To avoid bus travel scams, do the following:
- Always buy your ticket from the official ticket office, not from any street vendor.
- Buy your ticket close to the bus departure time, not in advance.
- Wait until you see the bus you're getting on.
- Make sure there is free space on the bus or van. Sometimes they can sell you tickets even though there is no place. In this case, you either have to go standing, or you cannot get on.
How to Avoid the Counterfeit Money Scam
Because you are not familiar with the colors, sizes, and paper quality of real banknotes, you can easily be scammed by counterfeit money. Taxi drivers, vendors, anyone you exchange money with can hand over counterfeit money.
The most common tactic of these scammers is when someone suddenly intervenes when exchanging money and promises a much more attractive exchange rate. Here are some of the things that can happen to you if you believe:
- The scammer puts a worthless currency among others.
- It gives you well-made copies of banknotes.
- It gives you banknotes that are not in use. For example, $500.
You lose important money in a fake currency scam. But that's not all, you can run into trouble with local authorities. You could even go to jail if you can't convince the police that you've been scammed. To avoid such big problems, before you travel, learn the currency of your destination country and stay away from foreigners who offer "attractive" offers.
How to Avoid the ATM Scam
When you go to use an ATM, a local may approach and tell you how to withdraw money while avoiding ATM fees. There's usually someone else who helps the thief but pretends to be another customer. What they do is steal your credit card information using a card skimmer.
Always prefer ATMs inside the bank branch to avoid ATM scams. If you have to withdraw money from an open ATM, check for a card skimmer. Card skimmers are usually placed above the card reader, making it visible. Compare the card reader with other readers and see if anything is odd. Finally, don't let anyone get near you when you're withdrawing money, and if you feel suspicious, walk away.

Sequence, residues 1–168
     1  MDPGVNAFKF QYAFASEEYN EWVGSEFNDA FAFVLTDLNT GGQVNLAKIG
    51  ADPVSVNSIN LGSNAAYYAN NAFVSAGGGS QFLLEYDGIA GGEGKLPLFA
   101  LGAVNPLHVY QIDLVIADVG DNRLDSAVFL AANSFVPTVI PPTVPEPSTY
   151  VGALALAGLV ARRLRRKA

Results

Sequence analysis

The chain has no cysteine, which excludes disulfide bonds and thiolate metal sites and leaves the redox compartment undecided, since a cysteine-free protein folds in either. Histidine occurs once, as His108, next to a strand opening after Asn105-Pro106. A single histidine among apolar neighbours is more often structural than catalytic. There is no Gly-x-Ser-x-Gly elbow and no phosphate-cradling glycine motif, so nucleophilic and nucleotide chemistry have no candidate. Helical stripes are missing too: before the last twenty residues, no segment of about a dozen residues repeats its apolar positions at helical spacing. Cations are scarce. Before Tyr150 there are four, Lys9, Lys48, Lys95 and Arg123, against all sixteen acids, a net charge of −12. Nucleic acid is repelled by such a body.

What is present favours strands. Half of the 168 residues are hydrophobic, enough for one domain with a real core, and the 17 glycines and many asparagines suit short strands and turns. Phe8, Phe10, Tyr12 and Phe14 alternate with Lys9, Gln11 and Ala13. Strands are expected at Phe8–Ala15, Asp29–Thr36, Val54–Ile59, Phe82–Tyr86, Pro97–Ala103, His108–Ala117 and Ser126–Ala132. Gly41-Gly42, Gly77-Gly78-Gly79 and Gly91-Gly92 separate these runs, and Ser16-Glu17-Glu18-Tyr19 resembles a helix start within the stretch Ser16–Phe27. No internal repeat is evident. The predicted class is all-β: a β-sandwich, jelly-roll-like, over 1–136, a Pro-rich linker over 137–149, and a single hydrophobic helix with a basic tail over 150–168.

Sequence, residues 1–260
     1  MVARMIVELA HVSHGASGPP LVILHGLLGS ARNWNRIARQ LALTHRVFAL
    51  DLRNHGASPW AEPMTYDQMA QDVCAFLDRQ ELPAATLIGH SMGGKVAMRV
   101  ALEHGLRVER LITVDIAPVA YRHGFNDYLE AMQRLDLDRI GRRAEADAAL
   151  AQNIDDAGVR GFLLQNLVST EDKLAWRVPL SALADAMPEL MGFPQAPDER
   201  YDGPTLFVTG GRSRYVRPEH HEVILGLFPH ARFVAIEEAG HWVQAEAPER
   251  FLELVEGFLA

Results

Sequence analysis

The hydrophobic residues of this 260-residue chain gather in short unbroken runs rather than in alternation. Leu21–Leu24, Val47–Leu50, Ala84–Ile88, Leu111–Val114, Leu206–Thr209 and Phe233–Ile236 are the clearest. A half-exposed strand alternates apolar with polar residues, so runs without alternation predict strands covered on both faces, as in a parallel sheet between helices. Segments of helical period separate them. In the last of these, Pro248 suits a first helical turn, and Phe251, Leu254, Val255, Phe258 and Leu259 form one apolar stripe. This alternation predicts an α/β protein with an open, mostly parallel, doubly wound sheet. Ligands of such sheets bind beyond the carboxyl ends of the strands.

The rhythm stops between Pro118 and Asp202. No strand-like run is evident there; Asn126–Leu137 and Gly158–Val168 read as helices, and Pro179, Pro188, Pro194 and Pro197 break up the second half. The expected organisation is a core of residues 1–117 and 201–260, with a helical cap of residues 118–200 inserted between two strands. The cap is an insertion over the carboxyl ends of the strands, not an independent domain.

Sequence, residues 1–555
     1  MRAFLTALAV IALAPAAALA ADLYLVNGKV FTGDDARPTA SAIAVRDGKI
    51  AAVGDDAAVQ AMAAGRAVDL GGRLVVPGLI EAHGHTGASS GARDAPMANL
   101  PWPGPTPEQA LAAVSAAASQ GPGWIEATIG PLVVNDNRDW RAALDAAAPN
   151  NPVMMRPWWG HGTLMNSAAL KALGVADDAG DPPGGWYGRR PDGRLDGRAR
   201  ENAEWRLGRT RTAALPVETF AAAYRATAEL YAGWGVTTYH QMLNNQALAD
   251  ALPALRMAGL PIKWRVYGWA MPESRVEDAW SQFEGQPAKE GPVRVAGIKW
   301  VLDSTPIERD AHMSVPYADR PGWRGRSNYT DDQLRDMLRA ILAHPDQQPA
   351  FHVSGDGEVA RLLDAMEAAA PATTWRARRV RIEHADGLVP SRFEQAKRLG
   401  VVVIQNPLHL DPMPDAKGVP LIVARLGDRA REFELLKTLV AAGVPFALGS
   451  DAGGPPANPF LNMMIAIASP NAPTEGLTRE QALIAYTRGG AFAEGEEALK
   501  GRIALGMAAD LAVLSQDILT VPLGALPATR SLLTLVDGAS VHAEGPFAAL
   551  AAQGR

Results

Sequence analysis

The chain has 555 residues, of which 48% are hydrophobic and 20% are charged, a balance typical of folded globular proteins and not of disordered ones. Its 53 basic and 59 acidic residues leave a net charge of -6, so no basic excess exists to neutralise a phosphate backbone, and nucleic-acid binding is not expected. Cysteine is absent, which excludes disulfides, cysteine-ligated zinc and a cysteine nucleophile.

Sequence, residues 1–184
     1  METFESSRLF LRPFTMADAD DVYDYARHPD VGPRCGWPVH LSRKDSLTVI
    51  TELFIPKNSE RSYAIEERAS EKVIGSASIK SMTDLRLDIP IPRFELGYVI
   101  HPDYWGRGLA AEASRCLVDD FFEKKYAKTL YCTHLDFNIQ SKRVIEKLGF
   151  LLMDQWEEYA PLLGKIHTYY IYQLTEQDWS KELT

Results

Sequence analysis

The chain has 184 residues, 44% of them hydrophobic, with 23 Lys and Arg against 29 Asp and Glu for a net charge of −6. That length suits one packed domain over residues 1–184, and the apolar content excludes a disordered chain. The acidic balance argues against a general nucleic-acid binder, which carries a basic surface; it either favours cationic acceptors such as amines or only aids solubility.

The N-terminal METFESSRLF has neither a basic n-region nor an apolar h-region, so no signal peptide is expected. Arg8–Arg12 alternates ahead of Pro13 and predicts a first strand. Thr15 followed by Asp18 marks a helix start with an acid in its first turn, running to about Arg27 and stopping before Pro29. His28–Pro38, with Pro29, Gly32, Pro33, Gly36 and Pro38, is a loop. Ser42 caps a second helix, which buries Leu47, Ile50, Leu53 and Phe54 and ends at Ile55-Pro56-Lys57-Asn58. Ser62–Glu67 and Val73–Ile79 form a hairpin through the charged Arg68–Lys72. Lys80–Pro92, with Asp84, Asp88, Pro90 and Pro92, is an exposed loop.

How to Avoid Being Overcharged in a Taxi
In this common scam, corrupt taxi drivers charge very high prices, saying the meter is broken. Sometimes they say that you need to make a reservation for your destination and ask for money. In this way, they both charge you a higher fee and take your money under the pretext of booking. Others simply lengthen the route and charge an inflated toll.
To avoid taxi scams, do not call a taxi from the street. Instead, ask your hotel or a nearby official to call you a licensed taxi. Find out in advance the working hours of your destination and how much you will pay on average for transportation. Make sure the meter is on and insist on your route if the taxi driver wants to take you another way. Google Maps will help you with this.
Travel Scams in Europe
This scam is common in Italy and around Naples especially. They blow your tires in the parking lot and follow you until you notice. When you pull over your car, they come to you and want to help. In fact, what they're doing is robbing you. The best way to avoid this scam is to keep valuables in your car and be wary of "helpful" people.
In France, you may find a child who is disabled, poor, or behaving like a helpless person claiming to represent a charity and collecting donations. They may sting you for acting so well, but ignore them and report them to the police. They get very high fines.